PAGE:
OK, I've investigated this a bit more.
This is an issue with DWM, but it is caused by our code.
Essentially it is caused by doing D3D and GDI rendering to the
same window which is a bad idea on Vista - it's pretty
Unfortunately in some situations Swing allows rendering directly
to the screen - which is what happens in this case.
The JXCollapsiblePane widget does some animation on collasing/expanding.
As part of that animation it apparently first paints the component to
an off-screen image. This triggers a special code path in
The setInSync() indicates to the paint manager that the back-buffer is
no longer in sync with what's on the screen. After this all copyAreas
get redirected to the screen instead of the back-buffer (why only copyAreas?).
It's not clear why doing painting to another offscreen surface
necessarily indicates an out of sync back-buffer though.
Now, the D3D pipeline does special handling for rendering to
the screen - it redirects all rendering to a dedicated back-buffer,
a sort of "fake window", which is presented to the screen when
needed. That way we can still accelerated on-screen rendering using
Direct3D (direct on-screen rendering is not possible with Direct3D 9).
However, this special handling is disabled for windows which have their
own BufferStrategy - which is the case here, since Swing uses BufferStrategy
as a back-buffer when it is in "bufferPerWindow" mode - aka the "gray rect fix",
or "true double-buffering".
Because of that the rendering goes directly to the screen, so the
copy area is performed using GDICopyArea. It works fine XP, but
produces artifacts on Vista with Aero.
Looking at the latest code for JXCollapsiblePane it looks like it
no longer uses this approach for doing their animation, so it could
be that this particular case will no longer trigger the issue, but the
underlying problem is still there of course.
Since all circumstances under which Swing may switch from
buffer per window mode to the "regular" one, or allow on-screen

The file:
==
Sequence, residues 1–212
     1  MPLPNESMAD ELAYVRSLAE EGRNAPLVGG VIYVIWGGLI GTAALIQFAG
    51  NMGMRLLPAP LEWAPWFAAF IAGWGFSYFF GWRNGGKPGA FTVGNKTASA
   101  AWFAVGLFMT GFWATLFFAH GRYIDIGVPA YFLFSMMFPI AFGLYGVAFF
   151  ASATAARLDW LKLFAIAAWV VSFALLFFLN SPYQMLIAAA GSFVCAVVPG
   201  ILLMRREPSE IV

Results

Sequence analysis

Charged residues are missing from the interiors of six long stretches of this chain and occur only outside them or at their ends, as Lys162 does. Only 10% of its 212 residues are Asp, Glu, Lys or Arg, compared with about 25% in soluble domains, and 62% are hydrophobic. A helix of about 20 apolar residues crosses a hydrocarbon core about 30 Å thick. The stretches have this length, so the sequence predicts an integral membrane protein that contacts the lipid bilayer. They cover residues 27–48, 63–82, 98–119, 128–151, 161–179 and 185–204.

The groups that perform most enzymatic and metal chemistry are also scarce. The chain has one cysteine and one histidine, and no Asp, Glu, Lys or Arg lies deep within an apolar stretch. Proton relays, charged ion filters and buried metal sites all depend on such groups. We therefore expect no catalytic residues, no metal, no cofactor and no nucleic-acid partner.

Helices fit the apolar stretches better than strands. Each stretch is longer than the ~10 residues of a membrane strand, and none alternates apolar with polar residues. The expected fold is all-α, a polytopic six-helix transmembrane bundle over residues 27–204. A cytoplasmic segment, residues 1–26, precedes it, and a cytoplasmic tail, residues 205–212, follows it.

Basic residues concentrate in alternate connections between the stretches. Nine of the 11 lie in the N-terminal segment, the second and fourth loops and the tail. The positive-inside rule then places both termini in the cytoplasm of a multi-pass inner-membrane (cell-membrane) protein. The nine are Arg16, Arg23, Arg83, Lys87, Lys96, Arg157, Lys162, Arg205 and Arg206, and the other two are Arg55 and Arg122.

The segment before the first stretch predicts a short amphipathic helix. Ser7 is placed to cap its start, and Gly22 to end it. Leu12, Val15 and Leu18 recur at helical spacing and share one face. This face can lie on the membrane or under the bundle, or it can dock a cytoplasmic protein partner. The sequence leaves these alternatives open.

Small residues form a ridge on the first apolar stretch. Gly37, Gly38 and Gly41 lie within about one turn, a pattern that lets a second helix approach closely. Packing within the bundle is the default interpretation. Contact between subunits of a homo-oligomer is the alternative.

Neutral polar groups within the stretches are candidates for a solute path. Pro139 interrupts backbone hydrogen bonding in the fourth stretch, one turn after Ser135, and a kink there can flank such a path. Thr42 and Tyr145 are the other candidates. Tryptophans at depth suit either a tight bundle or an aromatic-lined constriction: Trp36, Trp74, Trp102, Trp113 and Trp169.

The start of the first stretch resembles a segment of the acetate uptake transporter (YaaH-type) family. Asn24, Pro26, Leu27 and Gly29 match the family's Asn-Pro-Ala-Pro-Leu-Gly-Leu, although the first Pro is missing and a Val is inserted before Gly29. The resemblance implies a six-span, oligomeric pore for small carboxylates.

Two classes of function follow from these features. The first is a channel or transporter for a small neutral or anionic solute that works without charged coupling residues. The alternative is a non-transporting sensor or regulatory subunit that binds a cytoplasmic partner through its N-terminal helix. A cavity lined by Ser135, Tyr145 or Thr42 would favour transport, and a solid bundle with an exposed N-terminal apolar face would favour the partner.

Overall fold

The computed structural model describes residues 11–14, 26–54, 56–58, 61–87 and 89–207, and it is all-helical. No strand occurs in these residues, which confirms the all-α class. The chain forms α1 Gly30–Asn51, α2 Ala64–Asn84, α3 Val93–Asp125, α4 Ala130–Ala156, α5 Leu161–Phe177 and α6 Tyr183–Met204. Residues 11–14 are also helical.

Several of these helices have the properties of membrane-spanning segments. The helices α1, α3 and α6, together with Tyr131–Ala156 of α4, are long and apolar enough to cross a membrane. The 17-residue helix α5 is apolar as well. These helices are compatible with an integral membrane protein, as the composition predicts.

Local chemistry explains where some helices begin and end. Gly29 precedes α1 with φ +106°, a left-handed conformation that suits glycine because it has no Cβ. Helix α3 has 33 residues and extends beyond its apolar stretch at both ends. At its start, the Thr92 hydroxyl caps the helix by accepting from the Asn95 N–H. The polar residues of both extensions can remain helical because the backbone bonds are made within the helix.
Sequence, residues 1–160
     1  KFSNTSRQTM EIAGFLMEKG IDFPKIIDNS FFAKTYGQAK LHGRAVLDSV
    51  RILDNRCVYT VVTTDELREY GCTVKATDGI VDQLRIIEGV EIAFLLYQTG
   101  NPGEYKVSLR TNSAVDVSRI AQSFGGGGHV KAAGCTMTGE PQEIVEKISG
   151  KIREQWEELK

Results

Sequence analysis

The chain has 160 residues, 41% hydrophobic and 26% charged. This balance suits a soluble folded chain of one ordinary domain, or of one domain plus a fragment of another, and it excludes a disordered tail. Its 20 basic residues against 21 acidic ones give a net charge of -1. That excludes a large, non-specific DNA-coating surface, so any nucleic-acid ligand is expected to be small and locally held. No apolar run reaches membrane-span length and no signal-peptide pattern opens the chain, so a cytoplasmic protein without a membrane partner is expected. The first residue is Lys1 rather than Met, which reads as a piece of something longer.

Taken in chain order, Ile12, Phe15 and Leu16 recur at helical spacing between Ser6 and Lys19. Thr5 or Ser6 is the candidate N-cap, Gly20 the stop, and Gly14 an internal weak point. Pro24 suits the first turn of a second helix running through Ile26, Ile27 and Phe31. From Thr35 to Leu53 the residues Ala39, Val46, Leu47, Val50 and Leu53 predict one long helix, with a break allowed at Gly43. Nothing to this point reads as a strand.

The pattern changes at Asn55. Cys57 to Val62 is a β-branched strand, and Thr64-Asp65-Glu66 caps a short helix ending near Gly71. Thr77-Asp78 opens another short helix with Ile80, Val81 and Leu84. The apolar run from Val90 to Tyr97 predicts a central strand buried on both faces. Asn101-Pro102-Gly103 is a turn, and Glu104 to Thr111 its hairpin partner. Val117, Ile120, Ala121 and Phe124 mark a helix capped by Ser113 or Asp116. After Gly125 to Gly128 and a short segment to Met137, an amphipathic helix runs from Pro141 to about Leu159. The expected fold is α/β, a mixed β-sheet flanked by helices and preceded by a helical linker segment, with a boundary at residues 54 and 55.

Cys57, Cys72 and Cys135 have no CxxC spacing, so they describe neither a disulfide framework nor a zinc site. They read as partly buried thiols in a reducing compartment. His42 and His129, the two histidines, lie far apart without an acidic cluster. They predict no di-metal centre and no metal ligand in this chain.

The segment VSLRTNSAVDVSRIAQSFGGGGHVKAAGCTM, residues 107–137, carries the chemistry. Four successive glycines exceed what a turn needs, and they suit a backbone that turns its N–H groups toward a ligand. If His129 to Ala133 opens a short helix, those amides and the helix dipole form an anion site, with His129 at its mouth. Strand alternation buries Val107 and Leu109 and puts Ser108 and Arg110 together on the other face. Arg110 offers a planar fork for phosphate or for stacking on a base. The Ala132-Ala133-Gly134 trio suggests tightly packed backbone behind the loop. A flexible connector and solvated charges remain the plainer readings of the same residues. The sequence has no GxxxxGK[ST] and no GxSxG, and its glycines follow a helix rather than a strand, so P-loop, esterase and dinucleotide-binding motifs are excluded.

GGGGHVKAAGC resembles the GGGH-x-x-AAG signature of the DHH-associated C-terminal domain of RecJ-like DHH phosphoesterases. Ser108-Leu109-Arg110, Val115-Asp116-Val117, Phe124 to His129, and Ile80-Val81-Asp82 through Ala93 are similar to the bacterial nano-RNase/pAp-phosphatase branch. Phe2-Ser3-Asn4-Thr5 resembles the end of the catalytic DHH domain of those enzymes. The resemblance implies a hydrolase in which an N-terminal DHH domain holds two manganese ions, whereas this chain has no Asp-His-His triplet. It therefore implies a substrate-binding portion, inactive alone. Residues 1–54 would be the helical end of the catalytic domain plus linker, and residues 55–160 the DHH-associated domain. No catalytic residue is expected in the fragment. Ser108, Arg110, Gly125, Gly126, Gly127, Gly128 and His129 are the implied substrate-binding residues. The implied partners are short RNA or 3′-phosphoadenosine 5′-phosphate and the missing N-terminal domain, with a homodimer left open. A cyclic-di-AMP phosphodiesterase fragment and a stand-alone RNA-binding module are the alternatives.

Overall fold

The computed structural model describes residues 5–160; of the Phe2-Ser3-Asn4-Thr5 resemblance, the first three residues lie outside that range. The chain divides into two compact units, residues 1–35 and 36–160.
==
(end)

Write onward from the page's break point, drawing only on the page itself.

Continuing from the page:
rendering, are not clear it doesn't seem likely that we could
fix swing's "buffer out of sync" cases.
One solution would be to use the old painting mode - where
Swing's back-buffer is a VolatileImage which is copied to the
screen - in this case the D3D pipeline's on-screen rendering
support will ensure that one never renders directly to the
Since Aero is already double-buffered (which in particular
means that applications don't get 'expose' events when another
window is moved over their window) the 'true double-buffering'
doesn't really give any advantages.
More investigation is needed.
Note: it is possible that this is the cause of other
issues on Vista like the one described here:
It looks especially plausible since disabling buffer per window
also helped there.
The solution we're working on is disabling Swing's
"true double-buffering" mode on Vista with DWM(Aero) enabled.
From the code review:
With buffer per window disabled Swing will use VolatileImage
as back-buffer and that will allow the D3D pipeline
to guarantee that no on-screen rendering will occur since
our mechanism will be working.
Another reason is that since Aero already does double-buffering
there's no point in wasting resources, the application
doesn't get expose events anyway.
This solution is also less risky than
changing the way Swing paints on all platforms.
Notes about the implementation: while the state of DWM
compositing can change during the lifetime of the
application it is an extremely rare event, and is
in most cases temporary (some app turns it off, then
re-enables it). So if it was turned on when we started
we'll detect it and not use buffer per window.
If they disable it during the runtime - no big deal,
everything will look sucky (flashing) anyway and we'll
be no exception.
If we find that we do need to handle runtime changes -
they're easy to handle, just add a listener mechanism
to Win32GraphicsEnv (espose through some shared interface),
and have BufferStrategyPaintManager listen to those
events and disable bpw if needed.